District-wide sustainable WASH in Timor-Leste
In Timor-Leste, we face many varied challenges in reaching everyone with clean water, decent toilets and good hygiene. Alex Grumbley, Country Director, explains how the programme has used a district-wide approach in its drive towards greater sustainability.
Here at WaterAid Timor-Leste we have been doing a lot of thinking about sustainable water, sanitation and hygiene (WASH) services, and about what a successful district-wide approach involves.
Timor-Leste is a small, mountainous country with a population of 1.2 million, the majority of whom live in rural areas and are subsistence farmers. The Government expects these rural communities to form voluntary water user groups to operate and maintain their community water supply and sanitation. The Government briefly trains members to make technical repairs and collects user tariffs to finance the ongoing costs, similarly to many other developing countries.
Reflecting on this community management model, it is clear that it has not worked as intended. In most cases in Timor-Leste this 'service' has not performed well, with water supplies falling into disrepair or 'limping along' from breakdown to breakdown. If business as usual continues, the possibility of achieving Sustainable Development Goal 6's target of 100% coverage by 2030, with a tap in every household supplying reliable and clean water, seems small.
Identifying and mending WASH service gaps
WaterAid Timor-Leste started work in the country in 2005 and, as the programme has evolved, our focus has increasingly been on sustaining rural water supplies and sanitation, and bringing local government and communities together through a number of initiatives. These have included supporting the establishment of an Association of Water User Groups and introducing the community scorecard process, where users and service providers score the service provided and agree a plan to make improvements, for rural water supply services.
The Association of Water User Groups has evolved into an umbrella organisation representing its members. It provides peer support and assists local government to collect the ongoing information required to keep services running, as well as acting as the regular link between the groups and local government.
One of the association’s regular activities is identifying community water supplies for which the water user group has stopped working, and to reactivate and retrain the group in partnership with local government staff. Often the groups have been found to have formed for the initial planning and construction phase of infrastructure and lost interest when the less engaging tasks of operation, maintenance and tariff collection begin.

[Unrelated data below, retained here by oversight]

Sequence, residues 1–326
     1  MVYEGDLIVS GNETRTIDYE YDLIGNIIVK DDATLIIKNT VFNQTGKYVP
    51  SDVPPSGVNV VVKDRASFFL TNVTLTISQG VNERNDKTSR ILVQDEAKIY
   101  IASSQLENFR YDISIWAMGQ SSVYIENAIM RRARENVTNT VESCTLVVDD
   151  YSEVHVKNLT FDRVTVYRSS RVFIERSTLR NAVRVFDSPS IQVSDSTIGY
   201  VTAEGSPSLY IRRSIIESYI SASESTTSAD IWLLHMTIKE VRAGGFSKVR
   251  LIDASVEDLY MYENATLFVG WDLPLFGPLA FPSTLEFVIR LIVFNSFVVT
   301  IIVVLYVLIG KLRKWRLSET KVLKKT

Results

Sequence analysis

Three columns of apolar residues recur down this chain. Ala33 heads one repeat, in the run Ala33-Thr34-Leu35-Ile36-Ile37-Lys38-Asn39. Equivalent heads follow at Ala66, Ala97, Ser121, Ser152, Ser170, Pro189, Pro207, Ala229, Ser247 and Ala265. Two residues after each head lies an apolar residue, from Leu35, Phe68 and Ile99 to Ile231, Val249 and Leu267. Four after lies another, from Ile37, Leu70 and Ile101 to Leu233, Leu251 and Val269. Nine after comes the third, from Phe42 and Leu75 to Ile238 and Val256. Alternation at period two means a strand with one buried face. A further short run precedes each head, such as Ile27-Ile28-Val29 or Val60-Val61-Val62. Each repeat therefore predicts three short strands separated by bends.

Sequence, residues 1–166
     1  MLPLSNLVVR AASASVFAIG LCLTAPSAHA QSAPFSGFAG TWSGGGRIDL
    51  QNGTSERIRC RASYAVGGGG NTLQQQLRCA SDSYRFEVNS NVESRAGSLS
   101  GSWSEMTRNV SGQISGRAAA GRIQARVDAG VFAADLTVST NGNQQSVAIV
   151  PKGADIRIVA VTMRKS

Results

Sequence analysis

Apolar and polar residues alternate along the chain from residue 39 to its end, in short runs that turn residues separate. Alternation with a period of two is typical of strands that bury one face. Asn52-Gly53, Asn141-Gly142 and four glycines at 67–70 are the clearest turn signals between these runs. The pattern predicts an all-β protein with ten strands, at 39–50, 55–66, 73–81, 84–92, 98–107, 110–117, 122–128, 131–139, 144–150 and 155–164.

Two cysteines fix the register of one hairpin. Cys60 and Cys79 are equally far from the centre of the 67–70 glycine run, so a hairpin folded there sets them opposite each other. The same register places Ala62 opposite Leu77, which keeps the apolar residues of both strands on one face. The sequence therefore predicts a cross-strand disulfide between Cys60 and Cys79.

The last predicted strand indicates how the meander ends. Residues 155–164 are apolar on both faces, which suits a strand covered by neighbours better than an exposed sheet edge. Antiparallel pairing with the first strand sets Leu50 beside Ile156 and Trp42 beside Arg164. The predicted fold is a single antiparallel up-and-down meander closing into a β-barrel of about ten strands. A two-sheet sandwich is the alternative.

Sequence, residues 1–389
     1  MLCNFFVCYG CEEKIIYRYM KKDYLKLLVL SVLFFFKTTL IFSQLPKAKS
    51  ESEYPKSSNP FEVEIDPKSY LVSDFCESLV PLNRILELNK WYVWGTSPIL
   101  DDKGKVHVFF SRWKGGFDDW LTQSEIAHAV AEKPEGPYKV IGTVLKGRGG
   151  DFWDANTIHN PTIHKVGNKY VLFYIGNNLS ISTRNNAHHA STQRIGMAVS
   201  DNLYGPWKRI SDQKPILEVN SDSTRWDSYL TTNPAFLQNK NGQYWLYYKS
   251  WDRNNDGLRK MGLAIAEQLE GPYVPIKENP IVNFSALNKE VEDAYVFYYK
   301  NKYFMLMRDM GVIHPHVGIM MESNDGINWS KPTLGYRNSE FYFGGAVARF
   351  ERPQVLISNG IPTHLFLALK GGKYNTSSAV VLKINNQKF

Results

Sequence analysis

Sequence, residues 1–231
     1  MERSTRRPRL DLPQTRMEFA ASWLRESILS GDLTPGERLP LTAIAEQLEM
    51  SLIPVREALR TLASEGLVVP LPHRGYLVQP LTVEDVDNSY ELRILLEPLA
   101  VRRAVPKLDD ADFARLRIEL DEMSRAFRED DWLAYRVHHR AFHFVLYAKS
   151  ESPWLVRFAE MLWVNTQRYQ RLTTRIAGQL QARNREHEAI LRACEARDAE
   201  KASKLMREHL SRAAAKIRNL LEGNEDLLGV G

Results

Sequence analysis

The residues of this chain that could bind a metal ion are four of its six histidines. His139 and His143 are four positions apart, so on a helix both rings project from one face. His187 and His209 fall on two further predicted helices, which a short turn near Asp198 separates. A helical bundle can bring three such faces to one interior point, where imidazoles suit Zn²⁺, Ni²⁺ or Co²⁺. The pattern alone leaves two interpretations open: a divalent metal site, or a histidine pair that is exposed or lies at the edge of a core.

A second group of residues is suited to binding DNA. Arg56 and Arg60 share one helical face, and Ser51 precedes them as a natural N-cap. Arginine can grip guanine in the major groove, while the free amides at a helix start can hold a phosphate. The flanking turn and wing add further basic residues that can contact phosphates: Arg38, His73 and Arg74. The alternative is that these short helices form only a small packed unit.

Although the local government is engaged and appreciative of the association supporting the district to achieve targets in water supply service, it depends on WaterAid for funding. We envision that when WaterAid one day transitions out of the districts we work in, there will be an association supported through member fees matched by government subsidy which represents members’ interests and identifies and responds to members’ needs in partnership with the local government to keep services running.
The application of the community scorecard approach to rural water supply services has been a very useful process for stakeholder understanding and engagement in sustaining services. The process has enabled WaterAid and partners to work with community users to understand the level of service they can expect and the quality of the service currently provided, and has been a practical exercise in developing and tracking an action plan to improve the service along with the service provider.
Currently the service provider is the voluntary water user group with the support of the local government outreach staff. The process then brings the users and service providers together to agree on the quality of service provided and action plans to improve the service.
Actions for sustainable services
Common actions in the plans have included: users agreeing to pay tariffs more regularly and taking better care of infrastructure; water user groups being more accountable and transparent in their management of funds; developing stronger links with village leadership; and more regular support visits from government outreach workers. In the future we see this process linking closely with village councils and working as a regular assessment and update of WASH service plans across the village.
These two initiatives form part of WaterAid Timor-Leste’s district-wide approach, and have developed and evolved in an iterative process that shall continue as WaterAid works to support government and service providers to deliver sustainable WASH services. Further information is available in Harold Lockwood’s case study: 'Supporting sustainable water supply services in difficult operating environments: a case study from Timor-Leste'.